Science behind Woulgan

 


The primary ingredients of Woulgan Bioactive Beta-Glucan Gel have typical gel qualities, which provide a moist wound-healing environment, rehydrates necrotic tissue and aids in autolytic debridement. The active ingredient is soluble beta-glucan (SBG). SBG has the ability to stimulate the immune system and activate white blood cells, in particular macrophages.[1] Macrophages are key players in wound healing, providing signal molecules important for healing and orchestrating the wound-healing process.[2] Macrophages boost host defences, promote and resolve inflammation, remove dead cells, and support cell proliferation and tissue restoration after a wound occurs.[3] Across the phases of wound healing, the presence of active macrophages is essential (Table 1).

 

Table 1. The role of macrophages in the different wound-healing phases

Phase Cells involved Function and activity
Haemostasis Platelets Clotting
Inflammation Macrophages
Neutrophils
Tissue macrophages

  • alarms and attracts neutrophils to wound bed
  • phagocytise debris
  • produce cytokines and growth factors
Proliferation Macrophages
Fibroblasts
Myofibroblasts
Keratinocytes
Macrophages

  • produce signal molecules for angiogenesis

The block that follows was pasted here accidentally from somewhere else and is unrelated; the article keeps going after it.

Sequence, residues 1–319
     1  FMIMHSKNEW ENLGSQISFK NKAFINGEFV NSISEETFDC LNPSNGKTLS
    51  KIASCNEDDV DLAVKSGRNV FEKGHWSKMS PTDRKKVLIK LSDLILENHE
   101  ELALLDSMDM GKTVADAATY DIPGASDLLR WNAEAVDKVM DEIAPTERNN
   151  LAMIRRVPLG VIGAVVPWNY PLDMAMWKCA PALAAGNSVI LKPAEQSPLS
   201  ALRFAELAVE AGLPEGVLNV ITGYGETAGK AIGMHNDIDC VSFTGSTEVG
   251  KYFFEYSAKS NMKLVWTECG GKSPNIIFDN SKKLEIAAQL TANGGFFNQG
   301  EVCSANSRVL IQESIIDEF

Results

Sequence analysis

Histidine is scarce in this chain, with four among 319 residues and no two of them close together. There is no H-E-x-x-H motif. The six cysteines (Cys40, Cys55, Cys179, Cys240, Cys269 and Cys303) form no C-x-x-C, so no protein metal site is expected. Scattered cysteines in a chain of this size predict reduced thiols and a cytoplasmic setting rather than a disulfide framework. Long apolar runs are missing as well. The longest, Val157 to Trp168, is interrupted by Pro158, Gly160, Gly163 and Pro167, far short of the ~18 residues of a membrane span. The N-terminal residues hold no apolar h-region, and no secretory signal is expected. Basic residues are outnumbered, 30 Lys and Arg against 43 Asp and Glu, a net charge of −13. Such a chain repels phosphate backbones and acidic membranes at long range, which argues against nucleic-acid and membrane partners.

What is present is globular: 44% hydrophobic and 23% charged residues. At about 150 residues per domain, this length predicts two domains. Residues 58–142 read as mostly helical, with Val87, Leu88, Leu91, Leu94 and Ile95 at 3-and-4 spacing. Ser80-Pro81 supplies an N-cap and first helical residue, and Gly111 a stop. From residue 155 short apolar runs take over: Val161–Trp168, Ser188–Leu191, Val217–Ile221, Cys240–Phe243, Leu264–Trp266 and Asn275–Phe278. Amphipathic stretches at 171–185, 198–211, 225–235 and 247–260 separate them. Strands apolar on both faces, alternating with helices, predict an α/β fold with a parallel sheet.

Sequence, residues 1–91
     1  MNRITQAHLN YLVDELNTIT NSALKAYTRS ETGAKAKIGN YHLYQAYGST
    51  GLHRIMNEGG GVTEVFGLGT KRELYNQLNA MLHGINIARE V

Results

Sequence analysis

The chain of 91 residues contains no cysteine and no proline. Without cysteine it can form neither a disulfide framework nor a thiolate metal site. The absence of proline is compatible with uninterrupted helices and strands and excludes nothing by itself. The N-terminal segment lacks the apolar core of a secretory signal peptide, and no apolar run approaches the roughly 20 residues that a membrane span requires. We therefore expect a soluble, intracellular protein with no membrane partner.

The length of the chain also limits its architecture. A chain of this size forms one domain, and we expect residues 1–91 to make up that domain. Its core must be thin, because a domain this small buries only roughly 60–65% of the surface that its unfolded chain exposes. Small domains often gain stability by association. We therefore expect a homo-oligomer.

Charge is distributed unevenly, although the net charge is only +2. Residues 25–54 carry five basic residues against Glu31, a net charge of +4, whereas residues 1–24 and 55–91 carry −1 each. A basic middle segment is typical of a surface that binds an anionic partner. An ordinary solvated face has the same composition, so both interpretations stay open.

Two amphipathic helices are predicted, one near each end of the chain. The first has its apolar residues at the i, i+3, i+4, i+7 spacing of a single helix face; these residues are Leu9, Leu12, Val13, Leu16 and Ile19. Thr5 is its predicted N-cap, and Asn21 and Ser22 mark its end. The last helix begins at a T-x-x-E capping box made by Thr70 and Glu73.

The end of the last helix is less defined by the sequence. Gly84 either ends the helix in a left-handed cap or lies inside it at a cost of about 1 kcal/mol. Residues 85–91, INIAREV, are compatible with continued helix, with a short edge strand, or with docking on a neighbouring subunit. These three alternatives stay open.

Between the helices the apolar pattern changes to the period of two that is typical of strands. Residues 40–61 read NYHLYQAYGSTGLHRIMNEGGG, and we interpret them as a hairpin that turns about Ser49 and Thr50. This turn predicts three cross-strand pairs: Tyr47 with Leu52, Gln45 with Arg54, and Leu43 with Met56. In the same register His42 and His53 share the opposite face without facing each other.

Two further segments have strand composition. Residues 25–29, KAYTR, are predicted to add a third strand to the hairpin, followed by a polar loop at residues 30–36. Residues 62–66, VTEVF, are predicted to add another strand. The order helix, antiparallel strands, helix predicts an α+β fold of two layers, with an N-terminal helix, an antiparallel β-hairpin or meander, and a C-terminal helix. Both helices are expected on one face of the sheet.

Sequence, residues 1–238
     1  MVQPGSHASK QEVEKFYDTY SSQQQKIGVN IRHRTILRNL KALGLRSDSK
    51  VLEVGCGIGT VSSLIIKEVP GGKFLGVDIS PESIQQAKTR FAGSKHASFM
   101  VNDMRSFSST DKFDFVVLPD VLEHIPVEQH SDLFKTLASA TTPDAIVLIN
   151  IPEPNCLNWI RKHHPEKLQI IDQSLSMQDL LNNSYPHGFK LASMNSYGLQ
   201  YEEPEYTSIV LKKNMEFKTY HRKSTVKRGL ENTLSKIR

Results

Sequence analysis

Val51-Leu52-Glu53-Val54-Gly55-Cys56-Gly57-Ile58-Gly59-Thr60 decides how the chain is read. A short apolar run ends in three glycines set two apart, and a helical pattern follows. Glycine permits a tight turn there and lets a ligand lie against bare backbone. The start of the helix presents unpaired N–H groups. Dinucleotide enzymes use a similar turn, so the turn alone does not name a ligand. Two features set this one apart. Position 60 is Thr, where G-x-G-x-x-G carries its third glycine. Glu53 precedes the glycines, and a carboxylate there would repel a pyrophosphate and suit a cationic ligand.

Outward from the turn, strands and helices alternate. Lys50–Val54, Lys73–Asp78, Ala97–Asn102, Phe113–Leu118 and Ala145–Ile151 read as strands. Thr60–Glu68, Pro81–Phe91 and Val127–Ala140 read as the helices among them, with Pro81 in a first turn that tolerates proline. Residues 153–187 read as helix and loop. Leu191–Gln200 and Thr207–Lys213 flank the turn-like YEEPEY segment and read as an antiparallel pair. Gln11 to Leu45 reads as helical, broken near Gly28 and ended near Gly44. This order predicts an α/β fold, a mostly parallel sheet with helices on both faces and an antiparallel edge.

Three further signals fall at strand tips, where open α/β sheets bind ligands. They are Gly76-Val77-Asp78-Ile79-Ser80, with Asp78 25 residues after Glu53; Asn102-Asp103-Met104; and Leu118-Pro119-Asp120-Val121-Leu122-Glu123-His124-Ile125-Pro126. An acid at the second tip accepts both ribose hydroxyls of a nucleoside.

• activate fibroblasts to collagen production
  • attract and activate myofibroblasts for wound contraction
  • produce growth factors for cell proliferation
Remodelling Fibroblasts
Macrophages
Fibrocytes
Fibrocytes are “clones” of macrophages and fibroblasts, aiding collagen-tissue modulation

 

SBG is the ancillary active ingredient in Woulgan, which has positive effects on angiogenesis, cell proliferation and wound contraction throughout the course of treatment, until complete closure of the wound is achieved. The positive effects of SBG in treatment of diabetic foot ulcers have been studied and showed a statistically significant positive effect of SBG in complete wound healing at week 8 compared to control.[4]

Furthermore, the mode of action of SBG in Woulgan has been investigated in several diabetic mouse models in which overall healing, angiogenesis, cell proliferation and wound contraction outcomes were studied. In these studies, Woulgan was compared to placebo. SBG had positive effects on all the studied parameters and significantly outperformed existing products in this mouse model. The enhanced cell proliferation and angiogenesis may be explained by activation of macrophages by SBG stimulation.



  1. Raa, J. Immune modulation by non-digestible and non-absorbable beta-1,3/1,6-glucan. Microbial Ecology In Health And Disease, 26. 2015 doi: http://dx.doi.org/10.3402/mehd.v26.27824

  2. Brancato SK, Albina JE. Wound macrophages as key regulators of repair origin, phenotype, and function. Am J Pathol. 2011;178(1):19–25.

  3. Koh TJ, DiPietro LA. Inflammation and wound healing: the role of the macrophage. Expert Rev Mol Med. 2011;13:e23.

  4. Zykova SN, Balandina KA, Vorokhobina NV, et al. Macrophage stimulating agent soluble yeast b-1,3/1,6-glucan as a topical treatment of diabetic foot and leg ulcers: A randomized, double blind, placebo-controlled phase II study. J Diabetes Investig. 2014;5(4):392–399.

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